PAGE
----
Tuesday, March 13, 2012
So today is the big kitchen floor refinishing day. The preparations actually started yesterday. It’s not unlike the day-before preparations for a feast….getting things organized, lots of anticipation. In this case, Ted was here to remove the refrigerator doors so we could move the fridge into the dining room. Alas, the first hurdle to overcome! We couldn’t find a valve to shut off the water supply line to the icemaker. We looked everywhere, in the house and under it. Then Ted put the fridge doors back on before the chicken started to smell. I told him I'd just call my contractor who has dealt with all the other quirky issues in this house.
Now as I write this, a new valve is secure, the appliances are in the dining room and the workmen are digging old linoleum and tar off the floor. I just heard one of them yell to the other, "Where's a mop? Do you see a mop?" I'm ignoring this. I have already contributed my sage advice such as…"Be sure that plastic you hang on the door doesn't have holes” and “Be careful with that sharp thing”. All the workmen who have been in my home in the last month appreciate my..........er, participation!
I was getting a little anxious last night after Ted and Leah went home. Not sure how the valve thing would be resolved, not sure if the tar would come up off the floor, and the plumbing was acting up again (already had one incident that involved sewage in the tub and an eye-rolling plumber).
Today when the floor guy showed up, I had a chance to process my thoughts in conversation with him. We talked about these old houses and how you just have to go with the flow (although that idiom doesn’t really apply to the plumbing issue. ) If you have fixed expectations, you’re liable to be disappointed. You know there are beautiful secrets lurking, but the uncovering can be laborious and more expensive than you thought. Some things you can do on your own, but other things require professional help. Some things wear out and have to be discarded, some things can be lovingly restored with time and patience, while others heroically withstand the test of time and become almost sacred for their endurance.
You have to be careful that, as you decorate the surface, the interior isn’t collapsing on you. You can’t ignore red flags, although you don’t have to get everything done all at once. You can triage, address what’s urgent, what will shut you down if not dealt with. Then when you’re feeling stronger and more confident, you can take on the rest.
And always you are grateful that you’ve been given this house, that its architect is all-knowing, that it’s yours and yours alone, and such a privilege to bask in its mystery and splendor.
I didn't use those exact same words with the floor guy, but it was the same idea.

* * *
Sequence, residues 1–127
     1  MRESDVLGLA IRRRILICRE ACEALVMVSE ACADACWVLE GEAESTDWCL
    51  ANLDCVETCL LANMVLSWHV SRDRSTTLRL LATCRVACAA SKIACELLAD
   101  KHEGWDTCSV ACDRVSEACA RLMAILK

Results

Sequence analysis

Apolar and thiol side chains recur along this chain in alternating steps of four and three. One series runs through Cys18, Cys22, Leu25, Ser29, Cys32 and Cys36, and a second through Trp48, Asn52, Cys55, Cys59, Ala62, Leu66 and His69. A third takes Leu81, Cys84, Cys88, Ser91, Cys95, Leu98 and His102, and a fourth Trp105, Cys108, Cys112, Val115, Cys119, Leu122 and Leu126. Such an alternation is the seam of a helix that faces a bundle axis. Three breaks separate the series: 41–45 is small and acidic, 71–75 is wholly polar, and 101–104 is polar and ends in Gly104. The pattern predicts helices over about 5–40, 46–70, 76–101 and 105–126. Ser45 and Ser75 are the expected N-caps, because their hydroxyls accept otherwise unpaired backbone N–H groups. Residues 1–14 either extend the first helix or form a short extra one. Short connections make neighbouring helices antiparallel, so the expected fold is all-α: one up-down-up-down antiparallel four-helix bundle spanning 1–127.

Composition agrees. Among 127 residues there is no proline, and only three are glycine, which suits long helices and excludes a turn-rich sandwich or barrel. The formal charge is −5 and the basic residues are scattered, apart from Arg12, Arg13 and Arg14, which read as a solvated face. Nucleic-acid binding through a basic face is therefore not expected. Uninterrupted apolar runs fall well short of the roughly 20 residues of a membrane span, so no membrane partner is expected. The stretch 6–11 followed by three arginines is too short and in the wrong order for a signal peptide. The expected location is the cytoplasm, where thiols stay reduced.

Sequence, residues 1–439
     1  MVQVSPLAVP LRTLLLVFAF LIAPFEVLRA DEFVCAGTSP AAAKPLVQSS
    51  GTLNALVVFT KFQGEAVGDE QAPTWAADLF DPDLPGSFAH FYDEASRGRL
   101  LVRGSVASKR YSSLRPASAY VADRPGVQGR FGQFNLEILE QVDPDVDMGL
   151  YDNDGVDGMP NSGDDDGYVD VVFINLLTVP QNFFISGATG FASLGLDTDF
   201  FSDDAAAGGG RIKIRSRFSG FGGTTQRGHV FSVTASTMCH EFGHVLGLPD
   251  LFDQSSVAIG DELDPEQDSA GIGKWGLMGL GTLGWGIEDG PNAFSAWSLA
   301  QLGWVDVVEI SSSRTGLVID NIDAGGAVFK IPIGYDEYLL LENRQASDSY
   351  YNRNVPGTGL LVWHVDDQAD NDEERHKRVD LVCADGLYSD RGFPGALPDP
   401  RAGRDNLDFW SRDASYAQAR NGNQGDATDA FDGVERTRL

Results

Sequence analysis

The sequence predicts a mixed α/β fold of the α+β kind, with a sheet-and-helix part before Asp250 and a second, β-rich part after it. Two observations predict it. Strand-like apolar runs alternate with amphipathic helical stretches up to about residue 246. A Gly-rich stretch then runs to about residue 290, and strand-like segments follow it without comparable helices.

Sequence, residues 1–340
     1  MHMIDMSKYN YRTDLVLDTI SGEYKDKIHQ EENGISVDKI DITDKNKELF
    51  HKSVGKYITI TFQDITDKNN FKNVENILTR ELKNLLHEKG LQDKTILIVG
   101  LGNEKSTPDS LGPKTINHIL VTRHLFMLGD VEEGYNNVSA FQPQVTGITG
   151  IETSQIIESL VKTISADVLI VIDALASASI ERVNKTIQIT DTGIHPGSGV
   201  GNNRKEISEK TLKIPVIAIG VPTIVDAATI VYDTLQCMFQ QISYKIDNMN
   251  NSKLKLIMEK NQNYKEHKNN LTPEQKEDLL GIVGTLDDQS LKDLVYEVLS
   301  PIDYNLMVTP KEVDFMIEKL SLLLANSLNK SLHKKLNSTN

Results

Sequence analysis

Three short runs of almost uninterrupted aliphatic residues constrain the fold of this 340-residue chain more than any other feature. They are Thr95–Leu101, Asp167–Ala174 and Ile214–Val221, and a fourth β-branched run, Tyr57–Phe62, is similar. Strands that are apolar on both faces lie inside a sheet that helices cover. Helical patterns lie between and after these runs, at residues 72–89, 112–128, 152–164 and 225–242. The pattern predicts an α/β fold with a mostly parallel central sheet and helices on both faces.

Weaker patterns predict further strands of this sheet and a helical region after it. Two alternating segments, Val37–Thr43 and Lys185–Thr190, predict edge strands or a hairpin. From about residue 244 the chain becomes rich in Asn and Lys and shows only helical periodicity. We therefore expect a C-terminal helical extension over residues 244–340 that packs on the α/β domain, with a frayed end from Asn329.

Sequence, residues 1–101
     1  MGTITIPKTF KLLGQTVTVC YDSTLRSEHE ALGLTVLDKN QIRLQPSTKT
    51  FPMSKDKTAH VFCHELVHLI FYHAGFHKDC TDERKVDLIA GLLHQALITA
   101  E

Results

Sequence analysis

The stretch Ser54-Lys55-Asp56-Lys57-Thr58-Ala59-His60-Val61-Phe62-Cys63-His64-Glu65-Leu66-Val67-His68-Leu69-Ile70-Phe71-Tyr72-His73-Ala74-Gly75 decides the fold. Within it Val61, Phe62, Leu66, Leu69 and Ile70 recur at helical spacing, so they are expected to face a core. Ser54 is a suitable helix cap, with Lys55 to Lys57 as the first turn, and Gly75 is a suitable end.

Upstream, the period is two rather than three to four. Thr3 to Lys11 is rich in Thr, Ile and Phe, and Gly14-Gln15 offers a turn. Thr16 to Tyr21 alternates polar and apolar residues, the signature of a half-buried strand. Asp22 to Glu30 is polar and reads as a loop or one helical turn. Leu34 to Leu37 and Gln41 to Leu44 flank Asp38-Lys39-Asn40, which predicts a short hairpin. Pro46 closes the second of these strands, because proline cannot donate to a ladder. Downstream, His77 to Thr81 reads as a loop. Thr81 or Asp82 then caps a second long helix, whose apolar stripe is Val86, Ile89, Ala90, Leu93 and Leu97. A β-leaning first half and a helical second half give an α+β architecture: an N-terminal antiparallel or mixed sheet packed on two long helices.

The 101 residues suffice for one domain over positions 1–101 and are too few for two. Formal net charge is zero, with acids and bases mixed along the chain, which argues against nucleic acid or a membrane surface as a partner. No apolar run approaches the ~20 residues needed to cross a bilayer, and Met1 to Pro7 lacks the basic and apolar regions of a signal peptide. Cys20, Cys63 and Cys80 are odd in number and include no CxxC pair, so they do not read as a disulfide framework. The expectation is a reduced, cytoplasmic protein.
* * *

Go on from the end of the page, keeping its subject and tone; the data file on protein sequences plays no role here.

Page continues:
Tuesday, March 6, 2012
I haven’t posted in several weeks. My devoted blog followers say they have missed reading my updates. My sincere thanks to you, both of you : )
Actually, I have missed reading my updates. There’s something about autobiography that is affirming and encouraging. It’s MY life. I live it. For better or worse, it happens and I negotiate it. I get to celebrate the triumphs and I have to mourn the losses.
I think I need to write it out as much as I have to ride it out. Everything makes more sense to me in print. After Alaska, the everyday here and there isn’t too exciting. No more bush planes, mountain climbing or dog sledding. Just the usual here and now.
And yet……..nothing is usual about my life. Nothing is usual about yours either, because it’s not what we DO in the day to day that creates the drama. It’s how we manipulate it, how we form this raw clay called circumstances into beautiful works of art, or not.
My hands are still mired in the mud up to my elbows. My furniture is in the yellow bungalow. It was a three bedroom/one bath last time I posted. Now it’s a two bedroom/two bath (note the Alaska agates in the shower listello). The contractor has said his final farewell and now it’s up to me to paint, stain, get the kitchen floor refinished and put the final touches on it all.
I love my new old home. But I’m not deliriously happy. Some things about life are not remedied by “things”, even if the things are gifts from God. They are gifts to bring us pleasure, but not to change who we are. That has to come from within, where the Spirit dwells; His residence, not mine.
Mine is made of wood (albeit beautiful heart of pine that has weathered into a gorgeous patina, esp. in the utility room by the dryer where it's been left alone all these years). His is made of flesh, my flesh, that is weathering into something not so impressive, often uneven and too fragile (Can some of you relate?)
He is constantly remodeling His “temple“, restoring the foundations that have stood the test of time and proven strong and unshakable. Then restructuring the additions to make them useful and productive. Mercifully, He has an aesthetic flair that makes it all flow together and beautifully unique. A limitless supply of fresh paint and no wasted space.
I am the appointed caretaker, and keeping it swept and hospitable is sometimes a struggle.
What does it all mean? I turn to my mentor, Solomon, whose cryptic proverb first initiated this blog. Bet he was fun to live with. (No wonder he had so many wives. They were probably leaving him left and right). Imagine the dinner conversation:
“So honey, King of Israel, how was your day ?”
“All is meaningless. As a man comes, so he departs, and what does he gain?”
“Well……..have some more lamb.”
Somehow I find something meaningful in Solomon. Because he was “wise”, after all. I’m feeling impatient, wondering what this second half of my life is all about, what is the purpose of a great house, spending hard-earned money on rooms, enjoying the “things”. Solomon has a calming effect on me. God has plans!